Monday, April 30, 2018

Camerone Day 155: A "NOT MEN, BUT DEMONS!" AAR


To mark today's 15th anniversary of the Legion's defense of and the Mexican forces multiple assaults on the Hacienda de la Trinidad, known to history as The Battle of Camerone, I am happy to post this new battle report, of a very recent refight of the scenario, courtesy of my good friend Nick Stern.

Nick used the bespoke Camerone rules set "NOT MEN BUT DEMONS!" written by Rich Hasenauer & Michael Montemarano.

These are the same excellent rules used for the first play-test posted on this blog soon after the 149th Anniversary of the battle. We used them to great effect again on April 30th, 2013 for our big commemorative game on the 150th Anniversary. Since then Nick used them in 2014 for a similar game at his home in the South Bay (here's a handy LINK to that AAR for anyone who wants to check it out).  Also, in case anyone is interested, here's a LINK to our thoughts on the rules when Michael was still making adustments to them, before running his very impressive game at the 2012 Historicon which earned him the "Best of Show Game Master" award. Many thanks to Rich & Michael for sharing their rules with us back then and to Nick for allowing me to post this new Battle Report...

The only thing left to say is:

Opposed to an entire army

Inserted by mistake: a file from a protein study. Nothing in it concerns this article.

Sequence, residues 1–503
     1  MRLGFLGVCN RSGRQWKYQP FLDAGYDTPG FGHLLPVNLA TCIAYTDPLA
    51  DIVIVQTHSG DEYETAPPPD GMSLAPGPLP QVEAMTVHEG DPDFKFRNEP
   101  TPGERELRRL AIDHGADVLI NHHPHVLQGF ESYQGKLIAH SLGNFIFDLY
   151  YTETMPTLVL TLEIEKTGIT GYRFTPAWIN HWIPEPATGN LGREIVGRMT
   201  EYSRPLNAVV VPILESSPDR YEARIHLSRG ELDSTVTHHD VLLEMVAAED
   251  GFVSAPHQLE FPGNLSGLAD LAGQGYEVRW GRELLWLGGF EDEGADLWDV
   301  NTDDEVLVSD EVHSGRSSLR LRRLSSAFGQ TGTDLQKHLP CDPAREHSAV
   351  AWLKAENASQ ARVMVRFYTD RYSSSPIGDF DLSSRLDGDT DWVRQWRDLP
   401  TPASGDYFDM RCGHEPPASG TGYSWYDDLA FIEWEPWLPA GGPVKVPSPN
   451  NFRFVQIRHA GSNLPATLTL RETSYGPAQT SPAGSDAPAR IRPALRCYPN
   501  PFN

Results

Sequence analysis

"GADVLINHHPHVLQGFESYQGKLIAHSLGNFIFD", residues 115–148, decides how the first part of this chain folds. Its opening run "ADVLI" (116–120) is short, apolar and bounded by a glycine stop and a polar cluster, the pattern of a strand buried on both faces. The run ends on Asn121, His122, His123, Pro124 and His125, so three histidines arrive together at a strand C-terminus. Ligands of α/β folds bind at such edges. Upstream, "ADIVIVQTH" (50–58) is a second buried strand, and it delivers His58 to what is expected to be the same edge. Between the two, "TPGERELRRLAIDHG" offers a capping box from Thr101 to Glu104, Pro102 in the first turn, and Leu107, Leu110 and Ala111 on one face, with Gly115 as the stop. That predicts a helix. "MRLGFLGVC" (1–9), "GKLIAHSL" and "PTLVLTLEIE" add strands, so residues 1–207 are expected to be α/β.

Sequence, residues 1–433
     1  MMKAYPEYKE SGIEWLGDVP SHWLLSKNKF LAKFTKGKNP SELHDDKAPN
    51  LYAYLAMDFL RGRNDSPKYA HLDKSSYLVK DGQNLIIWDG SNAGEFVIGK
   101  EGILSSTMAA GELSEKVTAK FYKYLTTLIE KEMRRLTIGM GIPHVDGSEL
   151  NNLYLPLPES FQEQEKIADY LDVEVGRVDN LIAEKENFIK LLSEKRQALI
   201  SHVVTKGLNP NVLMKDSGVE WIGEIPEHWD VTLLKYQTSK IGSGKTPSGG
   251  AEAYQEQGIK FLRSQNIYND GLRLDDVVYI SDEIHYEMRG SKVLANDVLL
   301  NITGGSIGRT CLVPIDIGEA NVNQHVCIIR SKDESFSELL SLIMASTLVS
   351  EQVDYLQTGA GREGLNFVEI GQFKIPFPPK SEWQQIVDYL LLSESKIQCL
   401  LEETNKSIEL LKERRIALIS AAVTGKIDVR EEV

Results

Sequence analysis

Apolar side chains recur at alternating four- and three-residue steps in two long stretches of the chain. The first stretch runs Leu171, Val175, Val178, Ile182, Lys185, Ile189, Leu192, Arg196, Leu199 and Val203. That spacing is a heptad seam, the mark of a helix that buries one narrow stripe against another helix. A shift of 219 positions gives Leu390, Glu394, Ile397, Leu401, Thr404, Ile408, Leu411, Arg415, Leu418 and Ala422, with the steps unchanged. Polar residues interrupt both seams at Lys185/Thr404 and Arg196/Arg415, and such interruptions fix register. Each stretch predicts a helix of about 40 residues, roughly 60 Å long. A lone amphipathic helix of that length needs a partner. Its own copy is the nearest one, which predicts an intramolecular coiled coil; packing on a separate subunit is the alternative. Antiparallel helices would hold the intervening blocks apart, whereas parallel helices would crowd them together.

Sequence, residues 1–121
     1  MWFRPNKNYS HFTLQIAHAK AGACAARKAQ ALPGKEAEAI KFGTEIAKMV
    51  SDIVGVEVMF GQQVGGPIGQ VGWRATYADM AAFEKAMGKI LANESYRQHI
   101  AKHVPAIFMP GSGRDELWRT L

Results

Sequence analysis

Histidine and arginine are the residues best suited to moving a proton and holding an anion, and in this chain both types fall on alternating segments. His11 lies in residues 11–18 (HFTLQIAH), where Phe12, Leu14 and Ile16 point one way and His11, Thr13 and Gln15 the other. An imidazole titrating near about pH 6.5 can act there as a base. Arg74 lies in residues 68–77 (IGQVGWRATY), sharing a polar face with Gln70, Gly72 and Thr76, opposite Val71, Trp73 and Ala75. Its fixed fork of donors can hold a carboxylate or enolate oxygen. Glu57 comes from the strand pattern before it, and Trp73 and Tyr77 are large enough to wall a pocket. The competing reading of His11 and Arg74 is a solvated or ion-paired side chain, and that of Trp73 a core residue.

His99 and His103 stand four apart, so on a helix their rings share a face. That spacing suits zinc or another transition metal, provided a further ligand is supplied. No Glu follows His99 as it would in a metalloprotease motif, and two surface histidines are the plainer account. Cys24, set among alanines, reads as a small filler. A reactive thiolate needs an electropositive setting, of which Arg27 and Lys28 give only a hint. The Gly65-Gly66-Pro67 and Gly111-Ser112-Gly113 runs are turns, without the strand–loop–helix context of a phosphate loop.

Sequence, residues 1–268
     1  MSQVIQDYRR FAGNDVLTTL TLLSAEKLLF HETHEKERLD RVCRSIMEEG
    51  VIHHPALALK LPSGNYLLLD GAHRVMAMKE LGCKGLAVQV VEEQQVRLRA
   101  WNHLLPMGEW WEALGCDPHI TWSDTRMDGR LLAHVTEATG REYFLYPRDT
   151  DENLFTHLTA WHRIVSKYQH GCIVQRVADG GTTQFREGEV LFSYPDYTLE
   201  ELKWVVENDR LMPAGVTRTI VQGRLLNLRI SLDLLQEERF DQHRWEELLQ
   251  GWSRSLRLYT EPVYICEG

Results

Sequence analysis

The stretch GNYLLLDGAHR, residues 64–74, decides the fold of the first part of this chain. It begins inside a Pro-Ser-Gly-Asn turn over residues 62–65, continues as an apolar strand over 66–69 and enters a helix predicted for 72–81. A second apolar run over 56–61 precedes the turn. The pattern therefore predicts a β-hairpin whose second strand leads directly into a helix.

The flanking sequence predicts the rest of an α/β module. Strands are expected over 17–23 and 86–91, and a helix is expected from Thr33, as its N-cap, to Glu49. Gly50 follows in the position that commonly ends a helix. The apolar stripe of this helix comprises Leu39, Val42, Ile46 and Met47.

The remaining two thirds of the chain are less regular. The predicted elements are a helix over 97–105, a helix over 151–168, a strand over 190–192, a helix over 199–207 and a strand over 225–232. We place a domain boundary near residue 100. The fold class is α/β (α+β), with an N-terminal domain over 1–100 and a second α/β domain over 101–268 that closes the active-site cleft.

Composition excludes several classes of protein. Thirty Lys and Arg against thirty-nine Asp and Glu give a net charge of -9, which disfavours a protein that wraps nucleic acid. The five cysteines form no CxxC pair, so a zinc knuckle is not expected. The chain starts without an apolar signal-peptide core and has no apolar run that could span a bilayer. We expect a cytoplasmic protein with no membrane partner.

Its mass crushed them
Life rather than courage
Abandoned these French soldiers
In Camerone on April 30, 1863.


* * * * *
Via Nick Stern:

Not Men, But Demons
AAR South Bay Game Club April 14, 2018

We had six players, two French and four Mexicans. One Mexican player had played the game before, the rest had not. We began the game with the French inside the hacienda with the gates barricaded. There were six Mexican snipers on the second floor, otherwise all the other Mexican forces started 24” from the walls of the hacienda.

The French took the novel approach of not defending the gates or the breach and instead positioned themselves in the two sheds on the west wall between the gates, in the stable and in one of the enclosures on the east wall facing the breach. The remainder of their force, about half, were positioned in the lower floor of the hacienda, which was Danjou’s headquarters.


The dismounted Mexican cavalry came on in four twenty man companies, two from the west, heading straight for the gates, one from the south, heading for the breach and one from the east, heading for the undefended wall on that side. On the first turn the French were able to kill four of the Mexican snipers during their fire phase and killed the other two in hand to hand combat for the loss of one Legionnaire killed.

In the subsequent two turns the dismounted Mexican cavalry, unmolested by French fire, were able to dismantle the barricades barring the gates and the breach in preparation for an all out assault.




On the fourth turn the Veracruz battalion arrived and its five companies distributed themselves on the east and south sides of the hacienda. At the same time the dismounted cavalry companies entered the courtyard. For this turn and the next, the French strategy seemed to be working as the Mexican companies took heavy casualties from French fire.

The French expected the Mexicans to break, but they hadn’t read the rules’ fine print: No Mexican Straggling Inside the Hacienda! From now on full strength Mexican units continued to arrive through the gates and the breach.